these relationships is examined. Then we tease out the
    interactions among size and shape by subdividing each
    into three categories: size as small, medium and large, and
    shape as brachy-, mesati-, and dolicho-cephalic (i.e. short,
    medium, and long headed).

    Overall, results indicate that BF increases as size
    increases, and differences due to skull shape may be less
    apparent in small skulls. In medium and large skulls, it
    appears that the skull of the brachycephalic dog conveys a
    greater BF advantage, resulting in larger bite force values
    for these dogs.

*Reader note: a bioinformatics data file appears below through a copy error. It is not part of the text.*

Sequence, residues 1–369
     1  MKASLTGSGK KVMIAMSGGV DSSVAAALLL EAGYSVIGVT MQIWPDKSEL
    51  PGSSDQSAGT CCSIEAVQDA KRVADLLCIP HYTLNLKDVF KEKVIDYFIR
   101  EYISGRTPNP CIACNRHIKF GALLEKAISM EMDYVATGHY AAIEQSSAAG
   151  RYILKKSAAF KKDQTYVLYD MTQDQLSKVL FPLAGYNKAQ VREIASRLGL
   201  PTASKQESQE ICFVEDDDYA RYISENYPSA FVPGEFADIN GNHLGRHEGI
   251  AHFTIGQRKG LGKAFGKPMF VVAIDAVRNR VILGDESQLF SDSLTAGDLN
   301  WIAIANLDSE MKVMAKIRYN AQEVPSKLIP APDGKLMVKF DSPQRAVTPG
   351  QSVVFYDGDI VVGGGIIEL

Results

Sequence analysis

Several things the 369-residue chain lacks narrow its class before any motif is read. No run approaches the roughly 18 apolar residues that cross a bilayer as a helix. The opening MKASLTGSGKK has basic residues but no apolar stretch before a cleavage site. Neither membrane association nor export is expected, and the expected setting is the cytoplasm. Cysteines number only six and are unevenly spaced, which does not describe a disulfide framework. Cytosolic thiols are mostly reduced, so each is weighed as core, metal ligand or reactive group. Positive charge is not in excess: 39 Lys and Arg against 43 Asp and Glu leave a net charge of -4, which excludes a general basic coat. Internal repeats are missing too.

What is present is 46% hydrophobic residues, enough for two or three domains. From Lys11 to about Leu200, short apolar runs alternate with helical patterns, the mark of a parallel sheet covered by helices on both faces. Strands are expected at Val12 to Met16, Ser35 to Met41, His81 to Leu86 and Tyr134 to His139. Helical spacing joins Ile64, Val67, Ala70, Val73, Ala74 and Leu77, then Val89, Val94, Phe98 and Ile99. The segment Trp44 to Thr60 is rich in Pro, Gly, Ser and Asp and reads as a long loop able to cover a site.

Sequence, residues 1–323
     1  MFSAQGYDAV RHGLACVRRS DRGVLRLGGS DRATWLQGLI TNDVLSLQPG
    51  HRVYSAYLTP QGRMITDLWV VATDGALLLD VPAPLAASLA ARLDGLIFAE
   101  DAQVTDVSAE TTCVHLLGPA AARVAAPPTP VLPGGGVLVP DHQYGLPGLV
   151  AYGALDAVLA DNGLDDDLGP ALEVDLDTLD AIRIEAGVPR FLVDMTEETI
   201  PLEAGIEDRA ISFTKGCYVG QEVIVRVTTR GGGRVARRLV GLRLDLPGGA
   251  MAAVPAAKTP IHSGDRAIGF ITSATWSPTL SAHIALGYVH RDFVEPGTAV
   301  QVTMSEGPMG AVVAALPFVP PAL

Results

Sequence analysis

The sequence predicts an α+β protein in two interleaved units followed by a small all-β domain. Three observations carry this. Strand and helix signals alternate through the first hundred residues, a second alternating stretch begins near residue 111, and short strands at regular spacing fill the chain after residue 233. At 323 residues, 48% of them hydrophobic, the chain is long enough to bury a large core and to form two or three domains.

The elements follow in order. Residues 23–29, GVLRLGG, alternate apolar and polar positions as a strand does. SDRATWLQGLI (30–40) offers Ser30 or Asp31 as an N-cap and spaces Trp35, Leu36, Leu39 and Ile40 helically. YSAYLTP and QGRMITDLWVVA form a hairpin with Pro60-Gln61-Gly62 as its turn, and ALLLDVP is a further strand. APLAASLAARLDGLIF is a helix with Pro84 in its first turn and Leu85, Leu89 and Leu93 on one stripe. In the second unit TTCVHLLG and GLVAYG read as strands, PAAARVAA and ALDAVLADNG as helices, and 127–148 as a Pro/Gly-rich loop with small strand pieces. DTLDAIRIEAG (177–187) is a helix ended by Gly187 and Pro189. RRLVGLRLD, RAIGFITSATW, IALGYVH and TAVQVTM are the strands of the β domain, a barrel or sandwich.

Force of biting in domestic canids is strongly related to
    size, as quantified by measures of BW, SL and SW. The
    effects of cranial shape interact with those of size, particularly
    in small dogs, in which brachycephalic breeds
    appear to have lower bite forces relative to short-faced
    dogs of larger size."
     
    Last edited by a moderator: Sep 3, 2009
  2. Trapdoor

    Trapdoor Pup

  3. JanneM

    JanneM Big Dog

    How come hyaenas have 1000psi bite when their heads are not that big?? I have always tought that biteforce has something to do with the size of the head.
     
  4. Inter-tel

    Inter-tel Big Dog

    there is noway to measure bite force in PSI. That said the old sayin goes 'dogs bite hard cause they want too' pretty much sums it up.
     
  5. Hyenas..are not dogs nor canines...but besides that...their heads are not that big???...lol....